Archives

2017

Vol 12, No 4 (2017): Building Productive Relationships: District Leaders’ Advice to Researchers

Expectationsfortheroleofresearchineducationalimprovementarehigh. Meeting these expectations requires productive relationships between researchers and practitioners. Few studies, however, have systematically explored the ways researchers can build stronger, more productive relationships with practitioners. This study seeks to identify such strategies by examining district leaders’ views of how researchers might work with practitioners in more effective, beneficial, and collaborative ways. Through an analysis of 147 interviews with 80 district leaders in three urban school districts in the United States, we identify several key pieces of advice highlighted by district leaders for researchers. For researchers, these findings reveal potential strategies for shaping the design, conduct, and communication of their research in order to ensure its usefulness for practitioners.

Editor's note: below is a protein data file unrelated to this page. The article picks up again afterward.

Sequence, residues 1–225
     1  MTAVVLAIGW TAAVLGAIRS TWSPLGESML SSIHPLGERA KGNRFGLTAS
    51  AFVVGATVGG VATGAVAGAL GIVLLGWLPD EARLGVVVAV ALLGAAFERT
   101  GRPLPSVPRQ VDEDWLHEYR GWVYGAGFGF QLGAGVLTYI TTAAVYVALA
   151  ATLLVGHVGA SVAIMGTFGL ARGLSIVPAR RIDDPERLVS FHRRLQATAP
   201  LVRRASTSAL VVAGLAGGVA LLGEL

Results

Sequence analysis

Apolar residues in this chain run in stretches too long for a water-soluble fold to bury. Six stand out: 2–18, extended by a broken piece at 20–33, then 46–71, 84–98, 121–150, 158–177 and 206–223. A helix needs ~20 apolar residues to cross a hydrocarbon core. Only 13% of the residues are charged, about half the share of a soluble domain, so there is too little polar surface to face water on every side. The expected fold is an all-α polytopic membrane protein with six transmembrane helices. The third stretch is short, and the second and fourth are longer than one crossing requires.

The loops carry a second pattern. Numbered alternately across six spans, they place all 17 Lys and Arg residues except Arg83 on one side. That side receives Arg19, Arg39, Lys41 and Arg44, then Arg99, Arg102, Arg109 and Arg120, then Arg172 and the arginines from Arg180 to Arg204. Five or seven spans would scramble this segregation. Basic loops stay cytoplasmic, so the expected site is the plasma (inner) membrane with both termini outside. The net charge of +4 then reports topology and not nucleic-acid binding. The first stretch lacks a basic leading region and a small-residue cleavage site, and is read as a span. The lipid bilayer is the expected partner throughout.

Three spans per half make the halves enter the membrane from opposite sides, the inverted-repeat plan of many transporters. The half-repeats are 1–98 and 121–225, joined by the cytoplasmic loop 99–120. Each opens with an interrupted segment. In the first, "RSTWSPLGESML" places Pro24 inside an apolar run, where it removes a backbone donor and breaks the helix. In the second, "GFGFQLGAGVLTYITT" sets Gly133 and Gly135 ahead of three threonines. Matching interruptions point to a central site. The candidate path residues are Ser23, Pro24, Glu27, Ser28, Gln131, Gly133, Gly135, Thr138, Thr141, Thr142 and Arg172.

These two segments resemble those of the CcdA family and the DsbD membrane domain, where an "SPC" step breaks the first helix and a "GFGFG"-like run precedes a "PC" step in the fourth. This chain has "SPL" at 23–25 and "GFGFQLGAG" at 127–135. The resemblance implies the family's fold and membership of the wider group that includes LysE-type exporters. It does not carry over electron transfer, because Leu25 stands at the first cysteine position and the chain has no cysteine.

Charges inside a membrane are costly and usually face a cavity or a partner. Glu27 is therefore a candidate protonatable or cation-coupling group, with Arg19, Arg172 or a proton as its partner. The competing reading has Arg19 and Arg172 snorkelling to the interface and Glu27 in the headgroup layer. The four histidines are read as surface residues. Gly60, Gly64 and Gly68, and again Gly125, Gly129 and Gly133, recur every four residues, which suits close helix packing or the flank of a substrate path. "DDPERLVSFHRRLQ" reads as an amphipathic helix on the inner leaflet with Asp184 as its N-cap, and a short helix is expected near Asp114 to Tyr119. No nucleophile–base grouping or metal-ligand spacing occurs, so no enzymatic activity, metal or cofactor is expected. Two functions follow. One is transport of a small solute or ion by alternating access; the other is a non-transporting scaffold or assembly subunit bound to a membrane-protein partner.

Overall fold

Vol 12, No 3 (2017): School Policy and Transgender Identity Expression: A Study of School Administrators’ Experiences

School administrators are charged with establishing and enforcing school policies that provide safe and equitable learning environments for all students while adhering to state and federal laws as well as adopted school board policies. This qualitative research focuses on school administrators’ experiences with transgender students’ identity expression as it relates to school policies and student body experiences of transgender inclusion. Implications for district and building policy are also discussed.